This study was approved by the institutional review boards of Wonkwang University Hospital (WKUH) and Chonnam National University Hospital (CNUH). Informed consent was waived. Table 1 summarizes the training, testing, and additional validation data sets. In this study, we initially collected data from 3993 chest CT images, which were categorized into COVID-19, other pneumonia, and nonpneumonia disease groups.

    For the COVID-19 data group, we used a total of 1194 chest CT images: 673 chest CT images (56.3%, from 13 patients) from CNUH, 421 images (35.3%, from 7 patients) from WKUH, and 100 images (83.8%, 60 patients) from the Italian Society of Medical and Interventional Radiology (SIRM) public database [13]. The 20 patients from CNUH and WKUH included 9 male patients and 11 female patients, with an average age of 59.6 years (SD 17.2). Regarding the COVID-19 data from WKUH and CNUH, all the patients with COVID-19 tested positive for the virus by RT-PCR viral detection, and the CT images were acquired between December 31, 2019 and March 25, 2020. The median period from symptom onset to the first chest CT examination was 8 days (range 2-20 days). The most common symptoms were fever (75%) and myalgia (30%). In addition, according to previous studies related to COVID-19 by Zhao’s group [14] from January 19 and March 25, 2020, 264 low-quality chest CT images were used as additional testing data. In summary, 1194 COVID-19 images (80 patients) from WKUH, CNUH, and SRIM were split into the training data set (955 images, 80.0%) and testing data set (239 images, 20.0%). For the additional testing, 264 COVID-19 images (264 patients) from the low-quality image data set were used.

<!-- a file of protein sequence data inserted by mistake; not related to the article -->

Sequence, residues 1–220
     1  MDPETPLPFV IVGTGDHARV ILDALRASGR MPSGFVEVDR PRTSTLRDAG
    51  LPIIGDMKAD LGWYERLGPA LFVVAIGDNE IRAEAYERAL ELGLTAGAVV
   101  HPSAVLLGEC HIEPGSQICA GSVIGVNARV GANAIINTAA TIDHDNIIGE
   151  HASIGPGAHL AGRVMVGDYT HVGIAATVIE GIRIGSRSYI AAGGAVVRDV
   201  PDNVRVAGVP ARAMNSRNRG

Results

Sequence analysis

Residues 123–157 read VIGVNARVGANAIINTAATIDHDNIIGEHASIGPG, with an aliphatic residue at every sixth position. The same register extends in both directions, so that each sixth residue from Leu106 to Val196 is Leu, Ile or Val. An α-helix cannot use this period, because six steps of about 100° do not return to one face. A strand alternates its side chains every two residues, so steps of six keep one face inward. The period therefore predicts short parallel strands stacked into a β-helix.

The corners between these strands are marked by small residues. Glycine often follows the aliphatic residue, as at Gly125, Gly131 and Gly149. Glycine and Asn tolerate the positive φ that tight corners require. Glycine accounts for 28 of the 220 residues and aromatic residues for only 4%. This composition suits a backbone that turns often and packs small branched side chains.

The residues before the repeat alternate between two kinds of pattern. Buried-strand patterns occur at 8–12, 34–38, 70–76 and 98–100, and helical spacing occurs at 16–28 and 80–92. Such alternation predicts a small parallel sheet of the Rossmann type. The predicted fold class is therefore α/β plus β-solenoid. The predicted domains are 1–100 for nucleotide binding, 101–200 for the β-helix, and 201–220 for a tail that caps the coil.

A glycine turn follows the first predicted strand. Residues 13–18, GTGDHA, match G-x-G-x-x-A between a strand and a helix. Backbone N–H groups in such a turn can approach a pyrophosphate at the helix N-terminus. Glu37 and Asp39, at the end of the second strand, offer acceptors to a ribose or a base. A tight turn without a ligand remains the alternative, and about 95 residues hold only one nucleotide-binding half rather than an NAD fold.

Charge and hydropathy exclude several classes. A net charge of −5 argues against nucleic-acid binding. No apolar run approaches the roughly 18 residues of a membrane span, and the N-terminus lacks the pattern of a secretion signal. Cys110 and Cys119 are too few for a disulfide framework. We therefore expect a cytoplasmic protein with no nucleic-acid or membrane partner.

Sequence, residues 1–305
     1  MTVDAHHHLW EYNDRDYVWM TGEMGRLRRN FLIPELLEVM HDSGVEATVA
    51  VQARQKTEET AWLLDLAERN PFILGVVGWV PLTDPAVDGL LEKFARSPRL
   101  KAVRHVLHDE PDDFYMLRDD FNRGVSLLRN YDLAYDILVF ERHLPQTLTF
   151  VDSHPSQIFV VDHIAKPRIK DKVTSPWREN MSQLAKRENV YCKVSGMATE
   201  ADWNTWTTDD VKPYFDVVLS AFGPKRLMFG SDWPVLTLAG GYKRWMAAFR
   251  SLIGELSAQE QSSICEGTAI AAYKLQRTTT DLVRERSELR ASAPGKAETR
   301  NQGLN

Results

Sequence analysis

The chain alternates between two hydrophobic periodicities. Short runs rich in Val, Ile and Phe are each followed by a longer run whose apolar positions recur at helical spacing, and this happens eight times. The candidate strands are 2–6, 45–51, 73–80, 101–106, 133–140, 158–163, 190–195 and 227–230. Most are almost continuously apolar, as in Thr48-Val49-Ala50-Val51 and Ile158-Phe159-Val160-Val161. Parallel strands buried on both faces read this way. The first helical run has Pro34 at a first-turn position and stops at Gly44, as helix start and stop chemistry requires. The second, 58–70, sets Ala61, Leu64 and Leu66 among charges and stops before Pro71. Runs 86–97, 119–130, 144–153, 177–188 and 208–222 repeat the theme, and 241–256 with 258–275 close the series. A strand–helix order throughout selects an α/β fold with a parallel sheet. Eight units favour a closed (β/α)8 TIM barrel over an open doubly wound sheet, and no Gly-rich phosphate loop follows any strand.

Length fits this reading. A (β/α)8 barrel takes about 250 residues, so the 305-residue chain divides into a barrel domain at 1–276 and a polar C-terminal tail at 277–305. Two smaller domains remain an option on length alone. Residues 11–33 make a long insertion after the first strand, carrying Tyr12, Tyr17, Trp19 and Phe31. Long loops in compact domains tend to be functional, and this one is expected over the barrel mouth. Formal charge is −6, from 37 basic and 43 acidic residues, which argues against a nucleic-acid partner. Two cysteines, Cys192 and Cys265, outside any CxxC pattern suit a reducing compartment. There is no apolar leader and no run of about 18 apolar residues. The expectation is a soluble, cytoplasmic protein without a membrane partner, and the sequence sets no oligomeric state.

Table 1. Summary of the training, testing, and additional testing data sets (N=4257).
    View this table

    For the other pneumonia data group, we selected 1357 chest CT images from 100 patients diagnosed with non–COVID-19 pneumonia at WKUH between September 1, 2019, and March 30, 2020. The average age of this group was 62.5 years (SD 17.2), with 68 male and 32 female patients. For the nonpneumonia data group, we also selected 1442 chest CT images from 126 patients who had no lung parenchymal disease or lung cancers at WKUH between January 2009 and December 2014. The average age of these patients was 47 years (SD 17), with 63 male patients (721/1442 images, 50.0%) and 63 female patients (721/1442 images, 50.0%). The patient demographic statistics of the COVID-19 and other pneumonia groups are summarized in Table 2. In this table, other pneumonia (not COVID-19) was categorized into two different types based on clinical characteristics: 68 cases of community-acquired pneumonia (onset 48 hours before hospital admission) and 32 cases of hospital-acquired pneumonia (onset 48-72 hours after hospital admission). Of these other pneumonia patients, 24/100 (24.0%) received laboratory confirmation of the etiology, 21 (21.0%) were confirmed to be bacterial culture positive, 3 (3.0%) were viral influenza positive by RT-PCR, and 76 (76.0%) were negative. Regarding the imaging protocols, each volumetric examination contained approximately 51 to 1094 CT images, with varying slice thicknesses from 0.5 millimeters to 3 mm. The reconstruction matrix was 512×512 pixels, with in-plane pixel spatial resolution from 0.29×0.29 to 0.98×0.98 square millimeters.